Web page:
In a study of healthy volunteers and their ultrasonographically normal Achilles tendons using conventional ultrasonography, the normal tendons showed two distinct SE patterns. They were either homogeneously hard or, mostly (more than 60%), considerably inhomogeneous soft structures (longitudinal bands or spots), which did not match any findings in ultrasonography or Doppler ultrasonography [16]. In two studies by the same research group, the authors compared asymptomatic and symptomatic tendons, and the asymptomatic tendons tended to be consistently hard in most cases (86%-93%), and some contained mild softening (7%-12%) and marked softening (0%-1.3%). On the other hand, symptomatic tendons showed significant softening in 57%, mild softening in 11%, and no softening (hard structures) in 32% of cases [17,18]. SE may be superior to B-mode ultrasonography in detecting early histopathologic degeneration of Achilles tendinosis [27]. The reasons for the difference between ultrasonography and SE have not yet been verified, but early changes in the Achilles tendon or false-positive cases could contribute to the difference [27].


Congenital muscular torticollis (CMT) is a common congenital disorder in neonates and infants, showing incidence of 0.3% to 1.9% [28-30]. In previous studies, ultrasonographic findings showed focal or diffuse thickening in the lower two-thirds of the sternocleidomastoid muscle (SCM), with the size of the lesions ranging from 8 to 15.8 mm at the maximal transverse diameter and the length ranging from 13.7 to 45.8 mm [31]. The lesions were hyper-echoic in 49% and of mixed echogenicity in 49% [32]. However, there are some limitations in evaluating CMT using ultrasonography. First, the size of the SCM can decrease after physical therapy, which can affect its thickness and echogenicity [30,33]. In addition, the echogenicity and the maximum thickness of the SCM range widely, and for those demonstrating subtle changes, the diagnosis of CMT using ultrasonography can be challenging [31-34]. According to Lee et al. [33], the SCM in patients with CMT had decreased elasticity compared to normal muscles, and SE showed stiffness of the tightened SCM in those subjects (Fig. 4). The authors concluded that, in cases with inconclusive results of B-mode ultrasonography, SE may be a subordinate tool to evaluate CMT [33].

Soft Tissue Tumor

According to Lalitha et al. [35], malignant tumors are generally stiffer than benign tumors and appear as blue alterations on SE. Lipomas ranged in color from red to blue on SE, vascular soft tissue tumors such as hemangiomas were red to green (with no blue), and neurogenic tumors were green (no blue) [35]. Some areas of the lesions had no color (black sign). These could have been artifacts; however, they correlated with malignant lesions [35]. Park et al. [36] evaluated ultrasonographic features of superficial epidermoid tumors (ET) with an emphasis on SE features that might help differentiate ET from other benign soft tissue tumors and malignant soft tissue tumors. They retrospectively evaluated ultrasonography and SE data of 103 surgically-confirmed superficial soft-tissue tumors and tumor-like lesions. There were significant differences in echogenicity between ET and other benign tumors and between malignant and benign tumors [36]. Malignant tumors showed higher SE scores (3-4, hard nature) than did ET or other benign soft tissue tumors (Figs. 5, 6). There were no differences in SE score between ET and other benign tumors. Superficial ET demonstrates a softer nature than malignant tumors; however, it does not have a different SE pattern from other benign tumors [36].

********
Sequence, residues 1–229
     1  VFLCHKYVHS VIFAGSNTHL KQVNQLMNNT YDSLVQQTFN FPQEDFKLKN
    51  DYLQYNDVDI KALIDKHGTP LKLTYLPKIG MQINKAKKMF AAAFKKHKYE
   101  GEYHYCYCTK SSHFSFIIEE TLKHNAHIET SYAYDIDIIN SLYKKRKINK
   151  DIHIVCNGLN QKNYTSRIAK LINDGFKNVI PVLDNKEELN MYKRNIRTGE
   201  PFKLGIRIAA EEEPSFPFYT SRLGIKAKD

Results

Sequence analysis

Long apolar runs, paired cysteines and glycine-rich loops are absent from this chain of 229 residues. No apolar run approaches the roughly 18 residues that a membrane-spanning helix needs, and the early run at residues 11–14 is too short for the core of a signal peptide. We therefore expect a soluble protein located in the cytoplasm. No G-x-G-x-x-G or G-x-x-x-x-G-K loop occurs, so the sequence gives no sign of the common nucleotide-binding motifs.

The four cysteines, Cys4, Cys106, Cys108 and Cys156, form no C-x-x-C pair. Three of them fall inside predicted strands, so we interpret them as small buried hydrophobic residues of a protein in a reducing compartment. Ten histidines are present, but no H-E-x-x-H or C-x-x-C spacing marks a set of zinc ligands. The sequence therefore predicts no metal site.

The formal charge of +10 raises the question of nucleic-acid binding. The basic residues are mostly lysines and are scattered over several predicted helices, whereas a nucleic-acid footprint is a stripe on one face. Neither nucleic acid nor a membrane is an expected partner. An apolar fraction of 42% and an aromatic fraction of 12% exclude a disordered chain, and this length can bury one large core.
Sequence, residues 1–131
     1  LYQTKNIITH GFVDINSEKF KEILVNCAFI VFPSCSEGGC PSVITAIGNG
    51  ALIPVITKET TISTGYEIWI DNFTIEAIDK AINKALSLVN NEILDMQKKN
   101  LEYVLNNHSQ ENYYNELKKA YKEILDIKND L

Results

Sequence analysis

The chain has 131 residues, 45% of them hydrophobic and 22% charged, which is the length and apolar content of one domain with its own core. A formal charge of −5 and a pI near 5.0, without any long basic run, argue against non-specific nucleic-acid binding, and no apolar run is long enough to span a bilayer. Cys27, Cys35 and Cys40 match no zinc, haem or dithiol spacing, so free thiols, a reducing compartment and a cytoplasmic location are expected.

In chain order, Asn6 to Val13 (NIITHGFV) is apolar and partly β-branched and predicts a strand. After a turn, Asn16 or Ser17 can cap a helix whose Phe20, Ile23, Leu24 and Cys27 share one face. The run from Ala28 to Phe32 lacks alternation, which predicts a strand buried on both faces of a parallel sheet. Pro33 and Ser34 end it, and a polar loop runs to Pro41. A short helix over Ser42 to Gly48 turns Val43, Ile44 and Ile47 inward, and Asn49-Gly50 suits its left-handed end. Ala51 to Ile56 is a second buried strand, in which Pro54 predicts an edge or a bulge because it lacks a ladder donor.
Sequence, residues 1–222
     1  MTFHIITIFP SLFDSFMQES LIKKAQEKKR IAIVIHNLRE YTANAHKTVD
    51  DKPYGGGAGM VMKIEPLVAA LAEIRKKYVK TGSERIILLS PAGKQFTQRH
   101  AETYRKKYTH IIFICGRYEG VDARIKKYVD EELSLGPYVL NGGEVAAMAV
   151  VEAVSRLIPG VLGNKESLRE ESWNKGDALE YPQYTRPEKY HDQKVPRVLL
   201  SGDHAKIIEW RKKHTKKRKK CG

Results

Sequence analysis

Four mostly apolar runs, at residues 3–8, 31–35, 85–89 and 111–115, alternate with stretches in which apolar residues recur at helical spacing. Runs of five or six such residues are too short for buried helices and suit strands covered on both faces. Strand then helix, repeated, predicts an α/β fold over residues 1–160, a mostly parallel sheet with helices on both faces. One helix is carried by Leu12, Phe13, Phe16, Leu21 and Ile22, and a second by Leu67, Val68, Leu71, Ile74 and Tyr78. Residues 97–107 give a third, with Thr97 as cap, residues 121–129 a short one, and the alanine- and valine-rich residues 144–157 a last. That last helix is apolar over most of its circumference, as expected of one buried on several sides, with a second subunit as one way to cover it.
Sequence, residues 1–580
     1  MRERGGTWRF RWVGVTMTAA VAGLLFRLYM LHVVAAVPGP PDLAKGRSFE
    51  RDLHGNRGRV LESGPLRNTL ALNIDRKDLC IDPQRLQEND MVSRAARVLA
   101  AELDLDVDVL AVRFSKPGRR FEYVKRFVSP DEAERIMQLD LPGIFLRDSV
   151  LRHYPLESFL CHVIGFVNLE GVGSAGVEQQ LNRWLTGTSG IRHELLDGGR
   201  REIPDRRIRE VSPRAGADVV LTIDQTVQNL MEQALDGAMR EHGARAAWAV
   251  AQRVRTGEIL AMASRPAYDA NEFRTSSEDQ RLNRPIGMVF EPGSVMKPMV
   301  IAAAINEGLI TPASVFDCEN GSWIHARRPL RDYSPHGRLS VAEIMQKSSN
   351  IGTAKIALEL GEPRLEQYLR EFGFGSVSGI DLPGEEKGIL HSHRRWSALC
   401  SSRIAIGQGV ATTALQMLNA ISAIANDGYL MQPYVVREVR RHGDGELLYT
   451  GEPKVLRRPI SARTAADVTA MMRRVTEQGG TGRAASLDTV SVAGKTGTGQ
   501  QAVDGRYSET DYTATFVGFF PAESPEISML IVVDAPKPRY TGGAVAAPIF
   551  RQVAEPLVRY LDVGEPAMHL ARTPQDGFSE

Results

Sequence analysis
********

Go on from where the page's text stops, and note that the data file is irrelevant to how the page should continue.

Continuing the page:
Technical Aspects and Performing Adequate SE

If a tumor is located near bone, it may show more strain than those located far from bone [37]. When examining a subcutaneous tumor, not only the vertical force applied to it, but also the reaction from the adjacent bone to the tumor decreases the lesion’s elasticity as the distance decreases [37]. It is important for the examiner to decide how much pressure to apply to the tissue [8]. Because there is a direct proportion between the pressure applied on the skin and the strain produced, the pressure should be moderate to make the linear elastic properties as expected [6]. Currently, many computerized techniques and software compose SE systems and can provide visual feedback to ensure the correct application of pressure when used in conjunction with sonograms [8]. The evaluator of an elastogram should consider going through the entire cine loops, because the static images have higher chances of intra-observer variation or transient temporal fluctuations [15,18,34]. Most radiologists choose representative images from the compression cycle and from the middle of each cycle from cine loops of at least three compression-relaxation cycles to assess the elastograms, because the calculations of the elastogram at the first and last section of each cycle are often incorrect [16-18].